Registry hack for Windows XP catches Microsoft's attention
Microsoft finally and officially ended support for Windows XP back in April, though not without throwing XP users a bone in the form of one last out-of-cycle security patch for a pretty serious vulnerability affecting most versions of Internet Explorer. However, that was a one-time thing, and now XP users are left out in the cold. Or are they? A registry hack that allows Windows XP to continue to receive security updates is making the rounds, and it's caught the attention of Microsoft.
I am using Windows 7 Home Premium and I have found that there is no longer an AutoRun option that permits the automatic startup of USB flash drives that contain software. I am particularly referring to flash drives that contain portable operating systems such as Portable Apps or SanDisk U3 Launchpad. The user is now presented with a prompt that permits viewing the files and double-clicking the application to be executed.
Is there a registry hack that I can use to restore the AutoRun feature for USB flash drives that contain applications?
A week ago I opened up My Computer to go exploring my second hard drive. However, when I double-clicked the drive to open it, the Windows Search function started up and opened a new window. When I right-click either drive, the Search option is the default. This is really annoying. Many times I forget about this issue and double-click, only to have the computer slow down a bit and open a new box for the search. Is there a way to modify the default option for a double-click?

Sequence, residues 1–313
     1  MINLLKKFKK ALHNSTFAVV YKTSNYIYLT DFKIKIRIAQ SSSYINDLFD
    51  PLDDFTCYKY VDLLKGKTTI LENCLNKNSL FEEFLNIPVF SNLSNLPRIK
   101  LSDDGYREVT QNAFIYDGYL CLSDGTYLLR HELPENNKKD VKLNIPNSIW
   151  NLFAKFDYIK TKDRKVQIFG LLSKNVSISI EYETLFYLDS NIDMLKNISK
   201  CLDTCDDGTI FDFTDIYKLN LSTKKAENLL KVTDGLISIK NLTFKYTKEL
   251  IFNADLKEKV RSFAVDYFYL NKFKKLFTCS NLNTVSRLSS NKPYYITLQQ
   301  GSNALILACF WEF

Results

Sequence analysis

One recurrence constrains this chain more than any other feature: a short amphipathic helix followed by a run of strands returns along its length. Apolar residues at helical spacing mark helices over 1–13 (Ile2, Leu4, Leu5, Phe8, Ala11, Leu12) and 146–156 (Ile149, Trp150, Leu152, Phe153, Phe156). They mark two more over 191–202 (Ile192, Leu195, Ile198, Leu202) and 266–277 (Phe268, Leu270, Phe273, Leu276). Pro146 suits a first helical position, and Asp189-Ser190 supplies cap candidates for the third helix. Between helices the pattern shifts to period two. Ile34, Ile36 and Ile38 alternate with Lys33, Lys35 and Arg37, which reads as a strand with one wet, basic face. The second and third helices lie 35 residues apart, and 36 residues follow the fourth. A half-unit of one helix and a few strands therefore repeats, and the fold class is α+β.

Read the answer to Dave's question after the jump.
The Dog asked readers for their feedback regarding registry cleaners, and more specifically, RegCure, which the Dog took a hard look at in the July issue. The upshot? The handful of readers who use RegCure reported no serious issues with the application, but only one person felt that it actually improved system performance. While others thought that registry cleaners in general have nominal value as performance enhancers, some saw other reasons to use them.
Dog, some months ago, I bought an inexpensive Linux-based PC from Sub300.com, which was selling older stock to make room for new inventory. I purchased model #13338, which had an AMD Athlon XP 3100+ and 256MB of RAM. The configuration didn’t bother me, as I figured I could upgrade it with parts from eBay. The machine was discounted from $165 to $129. With shipping it was $159. When I received the PC, the configuration wasn’t even close—the CPU was an AMD Athlon XP 1400+.
What will become of our hero? Find out after the jump!